Figure 4. Irrigation depth per application based on soil
water storage in the root zone and allowable
soil water depletion. . . . . . . ... 21
Figure 5. Irrigation volume per emitter at each irrigation
based on emitter wetted diameter and depth of
water to be applied. . . . . . . .. 22
Figure 6. Irrigation frequency based on the volume of
water applied per tree at each irrigation and
the average daily ET rate per tree. . . .. 23
Figure 7. Irrigation time (duration) per application based
on volume applied per emitter at each
application and the emitter flow rate. . . ... 24
Figure 8a. Tree canopy area or emitter wetted area based
on the tree canopy diameter or the emitter
wetted diameter. . . . . . . . .. 25
Figure 8b. Tree canopy area based on the tree spacing
along the row and the average tree canopy,
width..... ............... ... 26
Figure 9. Relative tree canopy area based on the average
canopy area per tree and the number of trees
per acre. . . .. . .... . . . . 27
Figure 10. Irrigated zone correction factor based on the
time after irrigation until rain occurred and the
scheduled irrigation frequency. . . . ... 28
Figure 11. Non-irrigated root zone correction factor based
on the average canopy area per tree and the
total emitter wetted area per tree. . . .. 29








Figure 12. Antecedent soil water content correction factor
based on the irrigated zone correction factor
and the non-irrigated root zone correction
factor.. . . . . . . . . . .. 30
Figure 13. Potentional rainfall storage in the tree root
zone based on the soil water storage in the
root zone and the antecedent soil water
content ...................... 31
Figure 14. Effective rainfall based on actual rainfall and
the potential soil water storage in the effective
root zone. . . . . . . . . . 32
Figure 15. Readily available effective rainfall based on
total effective rainfall and the relative area
occupied by the tree canopy. . . . . ... 33
Figure 16. Days to delay irrigation following rainfall based
on the average daily ET rate and the readily
available effective rainfall. . . . . ... 34







Introduction


Irrigation scheduling is a procedure for determining (1) when to
irrigate, and (2) how much water to apply. Irrigation scheduling is
complicated by the fact that irrigation timing and the amount of
water to apply are not independent of each other, the climate, or
the characteristics of the crop. The decision concerning when and
how much to irrigate will depend upon how much water was last
applied, when it was applied, and the rate of its use since it was
applied. Further complications exist in that irrigation decisions are
also affected by rainfall and by irrigation system limitations.
This publication presents a method of scheduling trickle irrigation
applications for citrus in Florida. The objective of this method is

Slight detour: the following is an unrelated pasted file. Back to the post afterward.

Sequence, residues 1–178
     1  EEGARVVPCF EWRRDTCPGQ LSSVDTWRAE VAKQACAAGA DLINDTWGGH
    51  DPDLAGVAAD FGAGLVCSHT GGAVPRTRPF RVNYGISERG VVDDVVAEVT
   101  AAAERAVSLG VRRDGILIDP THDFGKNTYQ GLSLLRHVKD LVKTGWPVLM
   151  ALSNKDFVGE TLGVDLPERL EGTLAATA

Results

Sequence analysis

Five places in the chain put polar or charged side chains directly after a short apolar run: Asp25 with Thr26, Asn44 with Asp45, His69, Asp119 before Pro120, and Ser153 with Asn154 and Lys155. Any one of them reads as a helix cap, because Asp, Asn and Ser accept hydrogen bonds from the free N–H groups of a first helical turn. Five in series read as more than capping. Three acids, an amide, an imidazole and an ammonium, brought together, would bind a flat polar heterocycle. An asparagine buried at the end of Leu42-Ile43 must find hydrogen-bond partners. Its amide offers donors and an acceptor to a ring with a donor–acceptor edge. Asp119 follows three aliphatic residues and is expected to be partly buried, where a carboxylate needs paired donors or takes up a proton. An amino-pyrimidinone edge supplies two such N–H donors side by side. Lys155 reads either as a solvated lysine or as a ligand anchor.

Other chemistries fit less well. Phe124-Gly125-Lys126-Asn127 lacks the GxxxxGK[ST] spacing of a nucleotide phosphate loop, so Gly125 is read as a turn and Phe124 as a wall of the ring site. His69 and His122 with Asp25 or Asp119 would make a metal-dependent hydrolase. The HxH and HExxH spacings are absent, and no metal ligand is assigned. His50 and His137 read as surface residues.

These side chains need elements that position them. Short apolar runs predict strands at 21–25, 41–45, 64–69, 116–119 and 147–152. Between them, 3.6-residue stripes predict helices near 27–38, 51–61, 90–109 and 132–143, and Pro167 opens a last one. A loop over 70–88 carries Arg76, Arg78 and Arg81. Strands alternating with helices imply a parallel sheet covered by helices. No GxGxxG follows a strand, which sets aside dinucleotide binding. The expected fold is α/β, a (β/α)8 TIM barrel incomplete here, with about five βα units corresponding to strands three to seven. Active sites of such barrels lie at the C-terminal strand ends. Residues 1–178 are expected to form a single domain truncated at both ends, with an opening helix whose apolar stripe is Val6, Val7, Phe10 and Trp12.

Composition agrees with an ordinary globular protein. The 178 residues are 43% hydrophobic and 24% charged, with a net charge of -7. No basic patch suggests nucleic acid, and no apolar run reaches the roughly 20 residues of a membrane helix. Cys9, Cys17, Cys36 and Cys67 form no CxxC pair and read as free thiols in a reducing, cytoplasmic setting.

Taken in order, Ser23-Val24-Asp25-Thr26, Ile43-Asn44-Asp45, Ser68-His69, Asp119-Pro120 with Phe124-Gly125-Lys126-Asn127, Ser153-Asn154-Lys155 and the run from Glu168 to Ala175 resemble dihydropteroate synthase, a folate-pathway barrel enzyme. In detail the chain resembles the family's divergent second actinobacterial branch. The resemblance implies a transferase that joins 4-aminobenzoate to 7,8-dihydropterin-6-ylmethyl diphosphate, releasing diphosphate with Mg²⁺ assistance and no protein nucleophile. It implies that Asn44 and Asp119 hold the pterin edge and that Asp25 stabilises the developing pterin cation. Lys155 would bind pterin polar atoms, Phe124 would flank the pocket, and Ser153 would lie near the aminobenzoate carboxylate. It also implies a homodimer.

to maintain a favorable soil water status in the tree root zone so
that water is always available. The method is based on a water
balance of the tree effective root zone with water use by citrus
based on normal Florida climatic conditions. Figure 1 shows the
components of the water balance and defines some of the other
terminology used in this procedure.
The irrigation scheduling method presented here requires that the
individual irrigator make inputs to a series of 16 tables or figures
concerning grove characteristics, soil properties, irrigation system
characteristics, rainfall, and management decisions in order to
optimize irrigation scheduling for an individual grove.
Both tables and figures are presented to allow the user to not
only obtain the accuracy associated with tables of data, but also to
see the graphs to aid in interpolation. The figures also allow the
user to determine the relative effects of errors in inputs. The
information presented in this bulletin can be used for flatwoods
(high water table soils) or ridge (deep sandy soils) soil conditions.
It can be used when scheduling irrigations for either drip or
spray-jet emitters and for any number of emitters per tree. Tables
1 through 7 and the corresponding figures 1 through 7 can be used
to determine a monthly irrigation schedule assuming that rain does
not occur. Because rainfall occurs frequently in Florida, tables 8
through 16 and figures 1 through 16 allow an irrigator to determine
the period of time that a scheduled irrigation should be delayed
following rainfall. Because of the large number of tables and
figures presented, the following sections of this bulletin are
consecutively numbered with the corresponding table and figure
numbers.
This bulletin was written to be sufficiently general to be
applicable to all irrigation system, soil, and crop conditions in the
state; therefore, 16 tables and corresponding graphs were required.







The authors do not expect that the average Florida irrigator will
use all of the tables and figures on a day-by-day basis to schedule
irrigations. Rather, this bulletin should be used to develop
irrigation schedules for site-specific conditions. The first seven
tables and figures will be used only once for a specific grove and
irrigation system. They will be used to develop monthly irrigation
schedules which can be programmed on irrigation timers/controllers.
Those schedules will remain in effect as long as rain does not
occur.
The last nine tables and figures will be used more often to
develop a table of delay times for specific sites and months when
rainfall occurs. This site-specific table will be used on a
day-by-day basis to reset the irrigation controller following a
rainfall.

1. Citrus Water Use

Water is used by citrus by evaporation from the soil surface and
transpiration from leaves. For practical purposes, these processes
are not separable, so the term evapotranspiration (ET) is used to
describe both evaporation and transpiration which occur simul-
taneously
Evapotranspiration depends very heavily on climatic conditions.